“Why did you call it Omega?” I ask Voltaire, and this is the first time he actually breaks out of his calm with an eager smile. Omega will be the final evolution of human and computer interaction until we can upload via neurolace, he explains.
I’ll have to admit into looking this up after, as I didn’t know about the meaning of Omega. Turns out it’s the last letter of the Greek alphabet- the last, or the end of the alphabet.
Before I leave I experience a second demo of Omega (I first bumped into the team a few weeks ago at a VR demo at UPLOAD, LA). After a little exploration, it’s not long before I recognize something that wasn’t in this particular VR world the last time I was here. It’s a painting hanging in midair that has caught my attention: The Garden of Earthly Delights. I find myself frozen in wonder for several seconds when I do some research later in the day. In VR, I pulled the painting close to take a look at it’s depictions of heaven and hell. With interpretation open to imagination, I find the painting very thought provoking. Not just for Omega, but for all the inevitable changes technology will bring in our future.
Once again, I also ask Voltaire for one of his business cards to get another look at their logo, a custom designed Omega symbol. On the other side of the card are the words “create anything, change everything.” Surrounding these words is a list in a layout that reminds me of the code in The Matrix of just some of the industry applications of Omega. The card is small, but the list is mind opening and quite possibly infinite if the card extended forever. After all, as I often think and as my blog is named, that creativity is infinite- I see Omega as another tool for infinite creativity. Or as Voltaire says, as a platform for your imagination.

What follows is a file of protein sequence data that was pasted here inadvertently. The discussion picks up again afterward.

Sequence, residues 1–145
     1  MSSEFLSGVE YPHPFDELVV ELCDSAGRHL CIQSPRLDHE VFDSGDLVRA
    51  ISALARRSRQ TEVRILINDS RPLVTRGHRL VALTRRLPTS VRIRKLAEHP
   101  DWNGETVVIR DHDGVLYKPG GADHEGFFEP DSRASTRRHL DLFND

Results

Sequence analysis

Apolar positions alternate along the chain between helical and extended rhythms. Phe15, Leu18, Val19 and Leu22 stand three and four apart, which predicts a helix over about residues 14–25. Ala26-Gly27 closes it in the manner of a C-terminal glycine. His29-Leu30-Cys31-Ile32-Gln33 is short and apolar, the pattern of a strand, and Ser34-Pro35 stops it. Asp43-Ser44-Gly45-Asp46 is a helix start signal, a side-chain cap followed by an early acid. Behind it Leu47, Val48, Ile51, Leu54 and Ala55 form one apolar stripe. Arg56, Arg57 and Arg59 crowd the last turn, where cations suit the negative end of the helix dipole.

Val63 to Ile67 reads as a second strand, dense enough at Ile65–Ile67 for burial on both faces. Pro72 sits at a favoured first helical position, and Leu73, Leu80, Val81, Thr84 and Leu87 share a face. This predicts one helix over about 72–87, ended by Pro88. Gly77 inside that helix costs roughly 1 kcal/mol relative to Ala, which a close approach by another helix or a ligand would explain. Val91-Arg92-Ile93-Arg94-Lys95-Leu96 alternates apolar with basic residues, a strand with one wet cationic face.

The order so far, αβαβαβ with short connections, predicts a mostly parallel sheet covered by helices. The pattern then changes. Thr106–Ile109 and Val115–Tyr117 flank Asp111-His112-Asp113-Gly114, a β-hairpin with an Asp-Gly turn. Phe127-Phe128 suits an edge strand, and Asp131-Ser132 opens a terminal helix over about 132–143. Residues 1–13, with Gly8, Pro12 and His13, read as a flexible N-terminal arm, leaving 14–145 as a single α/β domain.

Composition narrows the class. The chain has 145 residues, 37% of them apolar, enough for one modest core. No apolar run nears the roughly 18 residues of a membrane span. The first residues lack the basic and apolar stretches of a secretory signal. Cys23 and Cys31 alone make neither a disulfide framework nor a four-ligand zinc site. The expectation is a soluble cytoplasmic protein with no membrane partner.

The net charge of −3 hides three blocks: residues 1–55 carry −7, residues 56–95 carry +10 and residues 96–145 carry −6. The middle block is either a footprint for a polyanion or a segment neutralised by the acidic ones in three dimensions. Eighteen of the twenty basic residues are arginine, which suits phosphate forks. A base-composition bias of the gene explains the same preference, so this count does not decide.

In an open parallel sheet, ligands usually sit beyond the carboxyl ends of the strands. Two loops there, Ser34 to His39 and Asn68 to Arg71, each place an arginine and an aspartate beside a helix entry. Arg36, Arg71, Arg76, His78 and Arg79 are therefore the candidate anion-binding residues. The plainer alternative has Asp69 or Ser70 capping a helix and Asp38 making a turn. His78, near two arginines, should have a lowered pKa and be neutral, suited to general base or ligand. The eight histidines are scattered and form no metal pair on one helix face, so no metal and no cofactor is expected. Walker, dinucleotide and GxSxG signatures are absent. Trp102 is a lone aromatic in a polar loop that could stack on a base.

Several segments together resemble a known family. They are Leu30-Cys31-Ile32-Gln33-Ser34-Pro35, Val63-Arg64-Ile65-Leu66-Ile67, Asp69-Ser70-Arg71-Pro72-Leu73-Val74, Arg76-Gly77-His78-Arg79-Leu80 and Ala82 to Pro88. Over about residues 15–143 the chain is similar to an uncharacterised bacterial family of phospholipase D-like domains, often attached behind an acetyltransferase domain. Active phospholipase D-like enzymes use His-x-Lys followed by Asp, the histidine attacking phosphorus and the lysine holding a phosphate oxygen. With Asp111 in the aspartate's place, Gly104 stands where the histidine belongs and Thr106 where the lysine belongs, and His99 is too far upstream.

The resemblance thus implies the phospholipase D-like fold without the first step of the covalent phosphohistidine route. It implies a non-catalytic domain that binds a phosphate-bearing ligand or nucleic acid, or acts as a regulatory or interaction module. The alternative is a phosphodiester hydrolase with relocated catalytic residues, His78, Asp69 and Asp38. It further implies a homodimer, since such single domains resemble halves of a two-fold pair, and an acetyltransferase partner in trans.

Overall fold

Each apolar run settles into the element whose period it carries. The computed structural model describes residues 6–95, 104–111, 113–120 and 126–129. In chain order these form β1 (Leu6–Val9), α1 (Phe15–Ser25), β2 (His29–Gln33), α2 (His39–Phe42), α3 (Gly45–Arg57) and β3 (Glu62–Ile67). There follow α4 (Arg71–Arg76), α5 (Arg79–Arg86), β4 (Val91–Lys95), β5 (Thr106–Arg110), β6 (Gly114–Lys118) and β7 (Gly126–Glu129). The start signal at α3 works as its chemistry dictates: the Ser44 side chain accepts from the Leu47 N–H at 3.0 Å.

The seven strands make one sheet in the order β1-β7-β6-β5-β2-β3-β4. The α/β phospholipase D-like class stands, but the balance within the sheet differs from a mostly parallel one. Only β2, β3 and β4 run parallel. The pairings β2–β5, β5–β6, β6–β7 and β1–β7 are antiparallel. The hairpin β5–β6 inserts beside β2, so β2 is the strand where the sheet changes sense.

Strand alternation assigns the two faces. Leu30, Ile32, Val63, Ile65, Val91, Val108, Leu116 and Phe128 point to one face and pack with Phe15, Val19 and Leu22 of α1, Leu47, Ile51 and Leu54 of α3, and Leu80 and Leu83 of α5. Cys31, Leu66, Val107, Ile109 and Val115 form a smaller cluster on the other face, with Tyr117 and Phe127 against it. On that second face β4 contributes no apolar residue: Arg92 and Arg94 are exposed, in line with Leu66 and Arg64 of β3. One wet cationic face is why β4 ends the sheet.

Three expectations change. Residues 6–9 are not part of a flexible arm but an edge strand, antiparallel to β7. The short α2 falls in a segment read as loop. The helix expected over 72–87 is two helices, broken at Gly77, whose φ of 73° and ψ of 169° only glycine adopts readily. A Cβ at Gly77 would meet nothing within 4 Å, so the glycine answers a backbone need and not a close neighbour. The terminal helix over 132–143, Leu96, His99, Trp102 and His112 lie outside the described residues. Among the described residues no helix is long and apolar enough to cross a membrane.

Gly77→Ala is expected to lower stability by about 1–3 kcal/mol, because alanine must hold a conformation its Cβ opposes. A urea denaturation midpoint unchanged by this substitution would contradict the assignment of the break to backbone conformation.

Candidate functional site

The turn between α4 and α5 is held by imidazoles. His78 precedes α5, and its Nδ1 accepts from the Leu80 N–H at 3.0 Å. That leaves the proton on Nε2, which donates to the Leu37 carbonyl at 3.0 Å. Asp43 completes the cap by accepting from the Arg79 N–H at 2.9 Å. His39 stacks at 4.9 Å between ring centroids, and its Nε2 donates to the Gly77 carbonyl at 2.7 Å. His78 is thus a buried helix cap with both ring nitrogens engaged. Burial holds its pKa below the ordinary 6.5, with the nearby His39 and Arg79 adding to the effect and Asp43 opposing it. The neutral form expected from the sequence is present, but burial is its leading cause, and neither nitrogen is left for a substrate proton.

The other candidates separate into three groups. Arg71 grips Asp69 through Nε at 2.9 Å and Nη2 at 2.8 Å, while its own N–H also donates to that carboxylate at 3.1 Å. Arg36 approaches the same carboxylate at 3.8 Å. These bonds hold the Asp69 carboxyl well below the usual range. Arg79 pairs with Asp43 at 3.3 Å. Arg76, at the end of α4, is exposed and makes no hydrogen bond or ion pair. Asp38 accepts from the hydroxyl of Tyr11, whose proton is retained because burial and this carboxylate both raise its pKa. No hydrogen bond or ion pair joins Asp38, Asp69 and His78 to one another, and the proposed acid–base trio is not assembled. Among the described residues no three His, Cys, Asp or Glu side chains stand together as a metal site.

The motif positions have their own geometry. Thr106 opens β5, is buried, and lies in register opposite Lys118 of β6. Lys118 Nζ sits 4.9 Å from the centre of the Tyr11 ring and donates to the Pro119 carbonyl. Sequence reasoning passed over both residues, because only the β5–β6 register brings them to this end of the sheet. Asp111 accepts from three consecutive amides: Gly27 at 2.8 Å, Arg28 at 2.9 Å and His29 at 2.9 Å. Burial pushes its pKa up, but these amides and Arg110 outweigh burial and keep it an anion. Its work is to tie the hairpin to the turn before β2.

As I leave, I feel a new excitement. I don’t see Omega as an end, but as a new beginning. Could it be my generation that witnesses the next era of the internet?
*Date of original post: Oct. 2017